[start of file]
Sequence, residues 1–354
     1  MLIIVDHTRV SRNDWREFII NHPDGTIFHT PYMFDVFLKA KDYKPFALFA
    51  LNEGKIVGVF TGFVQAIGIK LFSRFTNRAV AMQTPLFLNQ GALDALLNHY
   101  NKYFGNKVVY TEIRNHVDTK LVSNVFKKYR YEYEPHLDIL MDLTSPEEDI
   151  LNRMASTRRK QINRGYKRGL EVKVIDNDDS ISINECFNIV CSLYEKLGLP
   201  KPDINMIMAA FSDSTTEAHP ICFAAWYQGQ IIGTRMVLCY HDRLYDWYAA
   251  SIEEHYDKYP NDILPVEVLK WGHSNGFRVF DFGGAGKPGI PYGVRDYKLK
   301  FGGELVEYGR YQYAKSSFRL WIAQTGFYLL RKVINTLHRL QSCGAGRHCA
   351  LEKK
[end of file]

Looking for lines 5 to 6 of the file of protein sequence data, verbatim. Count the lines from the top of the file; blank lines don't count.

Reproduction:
   151  LNRMASTRRK QINRGYKRGL EVKVIDNDDS ISINECFNIV CSLYEKLGLP
   201  KPDINMIMAA FSDSTTEAHP ICFAAWYQGQ IIGTRMVLCY HDRLYDWYAA